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Seventh Circuit Announces Safety Valve Relief Under § 3553(f) Is Narrower Than Guidelines Firearms Enhancement Under § 2D1.1(b)(1), District Court Erred by Conflating Them

by Douglas Ankney

The U.S. Court of Appeals for the Seventh Circuit held that the U.S. District Court for the Southern District of Illinois erred in conflating the scopes of the no-firearms condition of the “safety valve” of 18 U.S.C. § 3553(f) and the firearms enhancement of U.S. Sentencing Guidelines (“U.S.S.G.”) § 2D1.1(b)(1), and the error was not harmless.

In November 2022, Senque Bingham pleaded guilty to conspiracy to distribute 50 or more grams of methamphetamine in violation of 21 U.S.C. §§ 845 and 841(a)(1) and (b)(1)(A). Witness statements in the Presentence Investigation Report (“PSR”) revealed that Bingham and others possessed firearms in the hotel rooms where he and others sold drugs.

Bingham filed objections to the PSR and argued he satisfied the five criteria for safety-valve relief under 18 U.S.C. § 3553(f). He argued that the evidence showed he did not possess a firearm; rather, it was others around him who possessed firearms. But at sentencing, the District Court “found that Bingham was ineligible for safety-valve relief because he qualified for a firearms enhancement under U.S.S.G. § 2D1.1(b)(1).” The District Court sentenced Bingham to the statutory minimum of 120 months. He timely appealed, arguing that the District Court erred because the no-firearms condition of § 3553(f) is narrower than the firearms enhancement of USSG § 2D1.1(b)(1), but the District Court conflated the two.

The Court observed under “the safety-valve provision of 18 U.S.C. § 3553(f), a sentencing court ‘shall impose a sentence … without regard to any statutory minimum sentence’ if the defendant meets five criteria, one of which is that ‘the defendant did not use violence or credible threats of violence or possess a firearm or other dangerous weapon (or induce another participant to do so) in connection with the offense’ (the no-firearms condition).” A “defendant who satisfies all five safety-valve criteria is [also] entitled to a two-level reduction in their offense level.” U.S.S.G. §§ 5C1.2 and 2D1.1(b)(18). By contrast, if a dangerous weapon, including a firearm, was possessed in connection with the offense, the defendant’s offense level will be increased by two levels under U.S.S.G. § 2D1.1(b)(1).

The firearms enhancement of U.S.S.G. § 2D1.1(b)(1) may apply where a co-conspirator’s possession of a firearm was reasonably foreseeable to the defendant. U.S.S.G. § 1B1.3(a)(1)(b). However, the no-firearms condition of 18 U.S.C. § 3553(f)(2) “limits the accountability of the defendant to his own conduct and conduct that he aided or abetted, counseled, commanded, induced, procured, or willfully caused.” U.S.S.G. § 5C1.2, cmt. n. 4.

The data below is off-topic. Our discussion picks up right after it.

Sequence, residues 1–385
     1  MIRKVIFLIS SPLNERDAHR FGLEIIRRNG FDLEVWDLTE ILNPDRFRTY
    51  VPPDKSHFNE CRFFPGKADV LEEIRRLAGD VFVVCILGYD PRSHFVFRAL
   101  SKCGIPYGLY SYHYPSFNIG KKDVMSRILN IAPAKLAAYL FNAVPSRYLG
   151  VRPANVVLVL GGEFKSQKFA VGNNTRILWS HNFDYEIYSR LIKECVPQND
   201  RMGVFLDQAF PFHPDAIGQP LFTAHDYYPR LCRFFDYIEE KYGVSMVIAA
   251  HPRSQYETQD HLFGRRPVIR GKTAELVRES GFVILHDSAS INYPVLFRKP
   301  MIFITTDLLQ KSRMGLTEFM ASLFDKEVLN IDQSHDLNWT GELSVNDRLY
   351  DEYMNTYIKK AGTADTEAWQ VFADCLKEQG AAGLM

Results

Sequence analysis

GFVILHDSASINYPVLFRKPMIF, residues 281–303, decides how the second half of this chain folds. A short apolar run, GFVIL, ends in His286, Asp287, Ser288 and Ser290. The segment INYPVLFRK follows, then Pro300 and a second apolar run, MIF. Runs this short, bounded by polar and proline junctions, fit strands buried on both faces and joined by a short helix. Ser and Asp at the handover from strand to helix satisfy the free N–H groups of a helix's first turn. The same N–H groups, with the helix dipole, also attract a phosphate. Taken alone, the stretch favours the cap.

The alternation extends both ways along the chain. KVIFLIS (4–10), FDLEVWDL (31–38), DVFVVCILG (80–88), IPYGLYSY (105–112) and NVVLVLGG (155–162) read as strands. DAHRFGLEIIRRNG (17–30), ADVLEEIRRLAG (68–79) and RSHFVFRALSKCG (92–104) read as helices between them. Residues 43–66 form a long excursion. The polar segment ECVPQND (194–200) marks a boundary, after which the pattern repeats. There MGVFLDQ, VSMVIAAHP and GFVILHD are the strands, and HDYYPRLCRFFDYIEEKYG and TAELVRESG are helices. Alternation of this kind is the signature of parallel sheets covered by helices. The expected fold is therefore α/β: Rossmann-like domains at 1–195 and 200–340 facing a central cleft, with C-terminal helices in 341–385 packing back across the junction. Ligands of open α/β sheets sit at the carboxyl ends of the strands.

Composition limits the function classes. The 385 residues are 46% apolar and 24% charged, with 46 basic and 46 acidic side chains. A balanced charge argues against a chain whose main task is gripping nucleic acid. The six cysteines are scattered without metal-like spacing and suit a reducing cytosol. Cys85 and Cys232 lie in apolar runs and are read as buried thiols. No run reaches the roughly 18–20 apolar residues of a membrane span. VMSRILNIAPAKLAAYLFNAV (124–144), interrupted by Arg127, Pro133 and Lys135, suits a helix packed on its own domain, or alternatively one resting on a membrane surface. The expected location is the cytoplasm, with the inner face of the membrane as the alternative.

The Court observed that every circuit that has addressed this issue—that is, the First, Fourth, Fifth, Sixth, Eighth, Tenth, Eleventh, and D.C. Circuits—“held that the no-firearms condition is narrower than the firearms enhancement and does not impute reasonably foreseeable acts of co-conspirators to a defendant.” See United States v. Carrasquillo, 4 F.4th 1265 (11th Cir. 2021); United States v. Barron, 940 F.3d 903 (6th Cir. 2019); United States v. Delgado-Paz, 506 F.3d 652 (8th Cir. 2007); United States v. Figueroa–Encarnación, 343 F.3d 23 (1st Cir. 2003); United States v. Pena–Sarabia, 297 F.3d 983 (10th Cir. 2002); United States v. Wilson, 114 F.3d 429 (4th Cir. 1997); In re Sealed Case, 105 F.3d 1460 (D.C. Cir. 1997); United States v. Wilson, 105 F.3d 219 (5th Cir. 1997) (per curiam). The Court announced: “We join them today.”

Bingham also argued the error was not harmless. Under harmless error review, the Court “will not remand for resentencing if [it is] convinced that, on remand, the district court would impose the same sentence.” United States v. Melvin, 948 F.3d 848 (7th Cir. 2020). “A district court can ‘inoculate’ its sentence against reversal by ‘giving [the Seventh Circuit] the information [it] need[s] to determine, on appeal, whether an error was harmless without resort to a remand.” United States v. Caraway, 74 F.4th 466 (7th Cir. 2023).

In the present case, the District Court commented at sentencing that it “would have imposed the same sentence with or without the enhancements.” See United States v. Seals, 813 F.3d 1038 (7th Cir. 2016). But the District Court did not explicitly say that it would have. See Caraway. Thus, the Court concluded that it could not be certain what the District Court would have done.

Accordingly, the Court vacated Bingham’s sentence and remanded for resentencing. See: United States v. Bingham, 88 F.4th 1220 (7th Cir. 2023).  

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United States v. Bingham



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